• Consider Installing Smart Home Equipment

Much like home security systems and cameras, home smart equipment can be controlled via your smartphone. Although Smart Locks and Electronic Doors can be costly upfront, they can save you a lot of trouble in the grand scheme of things. Other areas of your home such as lighting, garage doors, and thermostats can be controlled via Smart Equipment. Why is this important? It just provides you with one more safety measure that you can control at your fingertips, allowing you to focus on your life and the care of your loved ones. If you are one who has a disability, it can also provide you with easier access to the everyday components of your home. 

Handicap button push to open the door

Final Thoughts on a Home Safety Checklist for the Handicapped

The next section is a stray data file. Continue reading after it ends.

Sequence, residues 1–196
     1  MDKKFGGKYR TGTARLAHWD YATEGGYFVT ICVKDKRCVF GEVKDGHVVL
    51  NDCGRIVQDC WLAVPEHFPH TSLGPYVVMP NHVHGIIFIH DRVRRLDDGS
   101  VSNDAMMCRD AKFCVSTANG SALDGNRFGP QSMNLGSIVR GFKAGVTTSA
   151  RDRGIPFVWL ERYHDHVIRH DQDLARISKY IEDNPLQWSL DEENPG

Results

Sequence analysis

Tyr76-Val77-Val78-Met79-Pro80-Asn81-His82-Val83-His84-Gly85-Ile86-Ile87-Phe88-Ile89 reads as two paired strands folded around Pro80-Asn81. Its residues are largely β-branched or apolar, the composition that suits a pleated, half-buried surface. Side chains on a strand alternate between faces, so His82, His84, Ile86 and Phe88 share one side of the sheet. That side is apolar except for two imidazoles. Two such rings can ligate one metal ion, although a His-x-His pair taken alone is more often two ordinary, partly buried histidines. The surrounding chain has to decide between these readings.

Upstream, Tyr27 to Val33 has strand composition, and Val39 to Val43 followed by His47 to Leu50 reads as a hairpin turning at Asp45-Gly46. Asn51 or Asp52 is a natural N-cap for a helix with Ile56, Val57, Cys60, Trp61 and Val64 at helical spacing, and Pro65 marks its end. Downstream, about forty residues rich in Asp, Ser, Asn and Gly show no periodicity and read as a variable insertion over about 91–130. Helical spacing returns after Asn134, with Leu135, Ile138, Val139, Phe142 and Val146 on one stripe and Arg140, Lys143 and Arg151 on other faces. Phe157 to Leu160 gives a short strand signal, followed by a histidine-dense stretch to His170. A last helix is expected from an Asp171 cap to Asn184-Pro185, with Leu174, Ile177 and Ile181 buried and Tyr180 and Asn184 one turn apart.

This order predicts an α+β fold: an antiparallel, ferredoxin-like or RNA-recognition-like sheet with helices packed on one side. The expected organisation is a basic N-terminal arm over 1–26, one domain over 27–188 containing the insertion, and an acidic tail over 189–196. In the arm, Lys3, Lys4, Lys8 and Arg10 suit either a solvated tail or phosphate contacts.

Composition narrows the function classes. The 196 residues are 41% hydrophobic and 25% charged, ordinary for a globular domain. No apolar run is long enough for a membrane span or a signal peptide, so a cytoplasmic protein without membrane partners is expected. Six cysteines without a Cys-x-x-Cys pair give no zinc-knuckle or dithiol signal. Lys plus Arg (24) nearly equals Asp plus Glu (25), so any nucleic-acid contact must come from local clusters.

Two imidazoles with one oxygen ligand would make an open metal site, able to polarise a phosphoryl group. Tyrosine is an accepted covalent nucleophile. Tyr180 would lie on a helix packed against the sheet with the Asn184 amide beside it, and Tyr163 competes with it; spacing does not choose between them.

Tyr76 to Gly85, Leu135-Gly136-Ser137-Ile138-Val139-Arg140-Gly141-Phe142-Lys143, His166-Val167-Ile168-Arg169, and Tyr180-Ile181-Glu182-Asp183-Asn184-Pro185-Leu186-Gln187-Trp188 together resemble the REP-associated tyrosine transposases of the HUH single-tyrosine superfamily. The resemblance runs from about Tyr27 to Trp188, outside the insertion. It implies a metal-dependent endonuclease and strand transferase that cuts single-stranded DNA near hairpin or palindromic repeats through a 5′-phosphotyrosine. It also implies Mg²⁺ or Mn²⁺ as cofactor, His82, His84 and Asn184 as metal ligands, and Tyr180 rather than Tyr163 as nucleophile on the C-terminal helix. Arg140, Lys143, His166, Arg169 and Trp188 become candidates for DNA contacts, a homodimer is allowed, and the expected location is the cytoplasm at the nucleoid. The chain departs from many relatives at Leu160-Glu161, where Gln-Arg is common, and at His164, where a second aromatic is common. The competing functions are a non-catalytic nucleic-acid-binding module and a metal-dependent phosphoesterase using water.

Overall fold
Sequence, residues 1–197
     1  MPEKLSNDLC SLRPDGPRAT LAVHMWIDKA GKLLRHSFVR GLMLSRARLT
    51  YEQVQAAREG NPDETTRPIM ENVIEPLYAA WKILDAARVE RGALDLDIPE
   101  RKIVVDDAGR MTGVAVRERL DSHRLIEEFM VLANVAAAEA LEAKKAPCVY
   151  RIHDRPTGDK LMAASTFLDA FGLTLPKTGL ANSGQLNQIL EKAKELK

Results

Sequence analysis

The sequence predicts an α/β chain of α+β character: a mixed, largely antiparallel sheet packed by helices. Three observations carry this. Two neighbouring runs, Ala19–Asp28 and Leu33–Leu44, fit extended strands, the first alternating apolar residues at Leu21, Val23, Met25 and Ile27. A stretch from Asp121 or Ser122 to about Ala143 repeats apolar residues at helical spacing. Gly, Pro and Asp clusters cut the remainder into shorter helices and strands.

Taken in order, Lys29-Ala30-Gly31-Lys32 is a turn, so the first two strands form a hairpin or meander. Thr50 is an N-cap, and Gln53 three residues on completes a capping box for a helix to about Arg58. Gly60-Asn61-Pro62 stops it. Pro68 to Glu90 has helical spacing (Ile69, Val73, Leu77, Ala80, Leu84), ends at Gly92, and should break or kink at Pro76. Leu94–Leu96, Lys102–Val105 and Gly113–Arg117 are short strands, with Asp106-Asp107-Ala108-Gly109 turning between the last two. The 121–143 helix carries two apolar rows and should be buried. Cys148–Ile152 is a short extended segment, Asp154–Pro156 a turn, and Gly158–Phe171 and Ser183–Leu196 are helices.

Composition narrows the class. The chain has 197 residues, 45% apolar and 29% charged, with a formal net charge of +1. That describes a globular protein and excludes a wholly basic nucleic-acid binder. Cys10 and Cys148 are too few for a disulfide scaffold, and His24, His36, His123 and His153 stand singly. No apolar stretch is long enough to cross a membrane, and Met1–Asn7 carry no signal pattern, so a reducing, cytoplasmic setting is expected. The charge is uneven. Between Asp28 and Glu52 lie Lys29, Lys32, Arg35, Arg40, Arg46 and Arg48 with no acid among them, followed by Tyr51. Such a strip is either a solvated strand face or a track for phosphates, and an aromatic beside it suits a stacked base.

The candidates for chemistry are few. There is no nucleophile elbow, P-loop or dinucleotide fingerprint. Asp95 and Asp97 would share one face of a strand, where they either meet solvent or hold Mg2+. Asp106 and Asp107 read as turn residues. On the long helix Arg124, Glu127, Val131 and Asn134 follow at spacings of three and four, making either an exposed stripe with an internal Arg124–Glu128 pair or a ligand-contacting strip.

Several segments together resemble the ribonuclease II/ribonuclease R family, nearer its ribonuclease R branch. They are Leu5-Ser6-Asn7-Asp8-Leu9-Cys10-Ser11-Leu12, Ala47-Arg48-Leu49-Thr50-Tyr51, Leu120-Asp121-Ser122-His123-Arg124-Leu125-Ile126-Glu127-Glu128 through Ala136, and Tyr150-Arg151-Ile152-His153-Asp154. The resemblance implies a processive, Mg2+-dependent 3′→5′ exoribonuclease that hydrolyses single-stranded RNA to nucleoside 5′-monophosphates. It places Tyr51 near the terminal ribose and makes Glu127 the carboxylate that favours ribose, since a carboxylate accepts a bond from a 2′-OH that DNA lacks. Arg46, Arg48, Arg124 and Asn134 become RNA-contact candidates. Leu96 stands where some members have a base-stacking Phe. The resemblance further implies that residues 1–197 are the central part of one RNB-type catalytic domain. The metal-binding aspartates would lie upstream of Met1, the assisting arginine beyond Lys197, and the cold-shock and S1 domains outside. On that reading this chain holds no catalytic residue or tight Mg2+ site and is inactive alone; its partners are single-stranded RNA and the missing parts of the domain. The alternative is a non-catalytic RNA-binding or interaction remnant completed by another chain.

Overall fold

Caring for a loved one with a disability or living with a disability can make the little, everyday tasks more challenging, but there are many measures you can take to ensure safety within your home. Although some of the safety measures discussed above may require an investment of your funds, it will be worth it in the long run. If anything, these measures will provide you with a greater peace of mind, which in the end, is priceless.

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Ryan Fitzgerald

Ryan Fitzgerald

Hi there! Nice to 'meet' you and thanks for visiting our Raleigh Real Estate Blog! My name is Ryan Fitzgerald, and I'm a REALTOR® in Raleigh-Durham, NC, the owner of Raleigh Realty. I work alongside some of the best Realtors in Raleigh. You can find more of my real estate content on Forbes, Wall Street Journal, U.S. News and more. Realtor Magazine named me a top 30 under 30 Realtor in the country (it was a long time ago haha). Any way, that's enough about me. I'd love to learn more about you if you'd like to connect with me on Facebook and Instagram or connect with our team at Raleigh Realty. Looking forward to connecting!